UPTON, NY Through work originally designed to remove contaminants from soil, scientists at the U.S. Department of Energy's (DOE) Brookhaven National Laboratory and their Belgium colleagues at Hasselt University have identified plant-associated microbes that can improve plant growth on marginal land. The findings, published in the February 1, 2009 issue of Applied and Environmental Microbiology, may help scientists design strategies for sustainable biofuel production that do not use food crops or agricultural land.
"Biofuels are receiving increased attention as one strategy for addressing the dwindling supplies, high costs, and environmental consequences of fossil fuels," said Brookhaven biologist and lead author Daniel (Niels) van der Lelie, who leads the Lab's biofuels research program. "But competition with agricultural resources is an important socioeconomic concern."
Ethanol produced by fermenting corn, for example, diverts an important food source and the land it's grown on for fuel production. A better approach would be to use non-food plants, ideally ones grown on non-agricultural land, for biofuel production.
Van der Lelie's team has experience with plants growing on extremely marginal soil soil contaminated with heavy metals and other industrial chemicals. In prior research, his group has incorporated the molecular "machinery" used by bacteria that degrade such contaminants into microbes that normally colonize poplar trees, and used the trees to clean up the soil. An added benefit, the scientists observed, was that the microbe-supplemented trees grew faster even when no contaminants were present.
"This work led to our current search for bacteria and the metabolic pathways within them that increase biomass and carbon sequestration in poplar trees growing on marginal soils, with the goal of further improving poplar for biofuel production on non-agricultural lands," said co-author Safiyh Taghavi. In the current study, the scientists isolated bacteria normally resident in poplar and willow roots, which are known as endophytic bacteria, and tested selected strains' abilities to increase poplar growth in a controlled greenhouse environment. They also sequenced the genes from four selected bacterial species and screened them for the production of plant-growth promoting enzymes, hormones, and other metabolic factors that might help explain how the bacteria improve plant growth.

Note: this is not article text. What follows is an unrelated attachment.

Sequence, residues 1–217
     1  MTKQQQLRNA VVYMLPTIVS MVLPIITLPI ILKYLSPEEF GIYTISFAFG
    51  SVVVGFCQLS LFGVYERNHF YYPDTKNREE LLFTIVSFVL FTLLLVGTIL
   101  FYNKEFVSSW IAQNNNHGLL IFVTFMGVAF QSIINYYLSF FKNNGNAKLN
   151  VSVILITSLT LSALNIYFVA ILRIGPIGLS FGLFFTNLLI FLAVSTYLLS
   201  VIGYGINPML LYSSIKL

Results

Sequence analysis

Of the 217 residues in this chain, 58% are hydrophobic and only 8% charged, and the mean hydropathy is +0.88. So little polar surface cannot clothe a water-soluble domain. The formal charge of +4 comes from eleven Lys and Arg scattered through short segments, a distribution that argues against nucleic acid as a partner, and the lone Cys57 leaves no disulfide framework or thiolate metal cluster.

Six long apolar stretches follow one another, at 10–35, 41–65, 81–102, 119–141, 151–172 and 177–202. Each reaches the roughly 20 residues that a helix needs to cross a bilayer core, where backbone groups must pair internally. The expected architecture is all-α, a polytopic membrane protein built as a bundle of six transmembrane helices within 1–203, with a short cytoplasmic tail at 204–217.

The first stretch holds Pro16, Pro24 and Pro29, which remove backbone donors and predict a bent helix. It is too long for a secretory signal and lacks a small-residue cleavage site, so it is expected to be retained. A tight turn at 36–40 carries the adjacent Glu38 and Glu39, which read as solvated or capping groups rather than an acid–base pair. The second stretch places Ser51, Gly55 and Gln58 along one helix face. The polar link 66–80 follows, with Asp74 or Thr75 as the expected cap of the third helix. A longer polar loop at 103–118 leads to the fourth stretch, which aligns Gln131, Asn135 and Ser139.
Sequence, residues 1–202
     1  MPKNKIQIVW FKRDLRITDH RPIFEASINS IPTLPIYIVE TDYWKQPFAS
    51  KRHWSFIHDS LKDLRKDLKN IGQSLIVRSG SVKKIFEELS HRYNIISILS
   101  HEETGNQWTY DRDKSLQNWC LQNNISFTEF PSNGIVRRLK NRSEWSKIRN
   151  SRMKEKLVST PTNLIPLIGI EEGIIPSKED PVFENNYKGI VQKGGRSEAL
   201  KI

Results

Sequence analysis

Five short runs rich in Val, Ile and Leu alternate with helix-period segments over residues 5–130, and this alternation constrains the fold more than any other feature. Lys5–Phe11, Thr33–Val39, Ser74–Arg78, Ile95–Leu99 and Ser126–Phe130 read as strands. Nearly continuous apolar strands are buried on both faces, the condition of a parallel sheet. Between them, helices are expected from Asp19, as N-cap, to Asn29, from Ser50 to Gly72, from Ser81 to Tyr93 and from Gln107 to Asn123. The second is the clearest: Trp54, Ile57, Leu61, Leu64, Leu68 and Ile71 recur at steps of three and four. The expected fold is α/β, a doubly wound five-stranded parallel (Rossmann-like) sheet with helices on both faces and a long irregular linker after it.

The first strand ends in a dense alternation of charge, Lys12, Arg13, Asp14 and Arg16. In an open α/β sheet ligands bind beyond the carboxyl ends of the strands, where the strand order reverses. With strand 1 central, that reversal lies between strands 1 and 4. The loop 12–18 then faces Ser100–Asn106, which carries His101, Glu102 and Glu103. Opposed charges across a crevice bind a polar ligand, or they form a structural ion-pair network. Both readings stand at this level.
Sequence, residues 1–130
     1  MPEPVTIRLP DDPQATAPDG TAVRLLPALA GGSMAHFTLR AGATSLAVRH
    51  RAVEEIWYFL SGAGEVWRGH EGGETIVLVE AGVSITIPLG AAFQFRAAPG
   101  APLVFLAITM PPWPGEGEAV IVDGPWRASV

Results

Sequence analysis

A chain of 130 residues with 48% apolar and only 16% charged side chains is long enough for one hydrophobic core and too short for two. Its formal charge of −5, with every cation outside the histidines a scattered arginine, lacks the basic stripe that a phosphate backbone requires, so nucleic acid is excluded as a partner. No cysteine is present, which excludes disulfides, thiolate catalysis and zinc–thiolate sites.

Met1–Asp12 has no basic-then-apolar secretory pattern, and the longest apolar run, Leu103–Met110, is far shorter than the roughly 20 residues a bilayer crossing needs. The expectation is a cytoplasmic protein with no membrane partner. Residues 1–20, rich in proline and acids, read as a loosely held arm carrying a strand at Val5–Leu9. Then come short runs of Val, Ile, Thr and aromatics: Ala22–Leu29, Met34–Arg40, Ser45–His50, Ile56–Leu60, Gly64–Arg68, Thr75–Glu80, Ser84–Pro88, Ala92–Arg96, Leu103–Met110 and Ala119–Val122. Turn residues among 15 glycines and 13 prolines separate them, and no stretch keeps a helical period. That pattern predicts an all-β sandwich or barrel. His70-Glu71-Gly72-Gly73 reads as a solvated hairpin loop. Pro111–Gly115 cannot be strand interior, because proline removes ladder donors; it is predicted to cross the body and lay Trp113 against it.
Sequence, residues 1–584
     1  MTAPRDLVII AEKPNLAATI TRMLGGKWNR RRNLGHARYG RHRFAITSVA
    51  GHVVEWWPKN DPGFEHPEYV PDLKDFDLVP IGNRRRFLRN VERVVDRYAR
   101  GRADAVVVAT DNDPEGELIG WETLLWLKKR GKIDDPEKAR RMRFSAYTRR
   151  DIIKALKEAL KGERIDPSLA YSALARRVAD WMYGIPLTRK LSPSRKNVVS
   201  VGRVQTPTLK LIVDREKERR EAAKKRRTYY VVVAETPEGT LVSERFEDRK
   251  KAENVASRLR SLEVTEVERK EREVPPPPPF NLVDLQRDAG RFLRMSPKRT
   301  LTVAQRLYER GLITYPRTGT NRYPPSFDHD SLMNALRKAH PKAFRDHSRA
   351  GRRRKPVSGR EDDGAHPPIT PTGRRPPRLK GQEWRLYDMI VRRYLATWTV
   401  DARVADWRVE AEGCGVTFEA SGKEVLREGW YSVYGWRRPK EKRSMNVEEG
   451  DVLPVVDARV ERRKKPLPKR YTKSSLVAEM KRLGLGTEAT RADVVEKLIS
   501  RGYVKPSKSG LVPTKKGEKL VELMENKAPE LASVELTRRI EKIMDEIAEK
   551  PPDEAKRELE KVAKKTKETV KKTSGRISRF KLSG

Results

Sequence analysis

"Understanding such microbial-plant interactions may yield ways to further increase biomass," van der Lelie said.
The plants were first washed and surface-sterilized to eliminate the presence of soil bacteria so the scientists could study only the bacteria that lived within the plant tissues true endophytic bacteria. The plant material was then ground up so the bacterial species could be isolated. Individual strains were then supplemented with a gene for a protein that "glows" under ultraviolet light, and inoculated into the roots of fresh poplar cuttings that had been developing new roots in water. The presence of the endophytic bacteria was confirmed by searching for the glowing protein. Some bacterial species were also tested for their ability to increase the production of roots in the poplar cuttings by being introduced during the rooting process rather than afterward.
The scientists identified 78 bacterial endophytes from poplar and willow. Some species had beneficial effects on plant growth, others had no effect, and some resulted in decreased growth. In particular, poplar cuttings inoculated with Enterobacter sp. 638 and Burkholderia cepacia BU72 repeatedly showed the highest increase in biomass production up to 50 percent as compared with non-inoculated control plants. Though no other endophyte species showed such dramatic effects, some were effective in promoting growth in particular cultivars of poplar.
In the studies specifically looking at root formation, non-inoculated plants formed roots very slowly. In contrast, plant cuttings that were allowed to root in the presence of selected endophytes grew roots and shoots more quickly.
The analysis of genes and metabolically important gene products from endophytes resulted in the identification of many possible mechanisms that could help these microbes thrive within a plant environment, and potentially affect the growth and development of their plant host. These include the production of plant-growth-promoting hormones by the endophytic bacteria that stimulate the growth of poplar on marginal soils.
The scientists plan to conduct additional studies to further elucidate these mechanisms. "These mechanisms are of prime importance for the use of plants as feedstocks for biofuels and for carbon sequestration through biomass production," van der Lelie said.
|Contact: Karen McNulty Walsh|
DOE/Brookhaven National Laboratory